Polarization-dependent artifact in a CARS image of a single nerve axon in transverse section (CH and CH2 bonds). (a) The polarization-dependent artifact is evident when linearly-polarized light is used. In this case the CH and CH2 chemical bonds aligned with the polarization plane of the incident light (vertical in the image) generate a stronger CARS signal. (b) Same as a) but using a perpendicular polarization plane of the incident light (horizontal in the image). The pump and probe beam and the Stokes beam power was respectively 30 mW and 12 mW. Scale bar: 0.5 μm.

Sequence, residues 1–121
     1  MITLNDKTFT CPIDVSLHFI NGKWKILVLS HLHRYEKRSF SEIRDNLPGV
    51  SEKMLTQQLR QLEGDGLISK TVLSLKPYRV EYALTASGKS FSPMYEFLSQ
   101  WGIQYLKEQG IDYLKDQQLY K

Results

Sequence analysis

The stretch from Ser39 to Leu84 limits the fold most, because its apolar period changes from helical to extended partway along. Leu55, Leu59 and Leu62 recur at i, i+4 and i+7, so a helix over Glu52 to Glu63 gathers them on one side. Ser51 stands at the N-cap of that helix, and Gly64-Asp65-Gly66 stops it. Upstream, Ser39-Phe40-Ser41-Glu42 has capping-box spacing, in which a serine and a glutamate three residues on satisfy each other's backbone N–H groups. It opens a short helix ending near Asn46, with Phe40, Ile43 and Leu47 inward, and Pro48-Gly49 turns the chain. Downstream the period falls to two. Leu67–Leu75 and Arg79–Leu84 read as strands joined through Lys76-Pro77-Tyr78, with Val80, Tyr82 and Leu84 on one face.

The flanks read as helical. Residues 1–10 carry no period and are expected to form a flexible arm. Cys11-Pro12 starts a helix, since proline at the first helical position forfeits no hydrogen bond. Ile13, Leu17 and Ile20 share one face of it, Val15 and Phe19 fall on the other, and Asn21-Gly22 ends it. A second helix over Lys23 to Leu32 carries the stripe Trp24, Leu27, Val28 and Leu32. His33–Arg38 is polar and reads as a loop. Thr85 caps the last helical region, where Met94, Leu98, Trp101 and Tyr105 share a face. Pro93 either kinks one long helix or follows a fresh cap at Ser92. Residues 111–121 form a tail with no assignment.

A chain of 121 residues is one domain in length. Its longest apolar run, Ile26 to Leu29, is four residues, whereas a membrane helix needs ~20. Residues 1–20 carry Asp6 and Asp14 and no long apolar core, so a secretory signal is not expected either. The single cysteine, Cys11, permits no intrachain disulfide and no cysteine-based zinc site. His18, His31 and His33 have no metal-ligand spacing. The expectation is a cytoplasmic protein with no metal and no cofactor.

Fig. 3
Fig. 3

RP-CARS imaging of the same single nerve axon as in Fig. 2 (CH2 bonds, transverse section). (a) Image constructed using A dc . Compared to the images in Fig. 2 it is free from the polarization artifacts. (b) Image constructed using A 2ω (bright pixels indicate that the signal value varies strongly as a function of the light polarization orientation). (c) Image of the phase of the signal collected from the same region (the colors indicate different light-polarization orientations). (d) RP-image constructed using the image in b) as brightness value and the one in c) as hue value. The myelin sheaths change color smoothly, covering all the possible orientations. The power levels were the same as in Fig. 2. The scale bar length is 0.5 μm.

Fig. 4
Fig. 4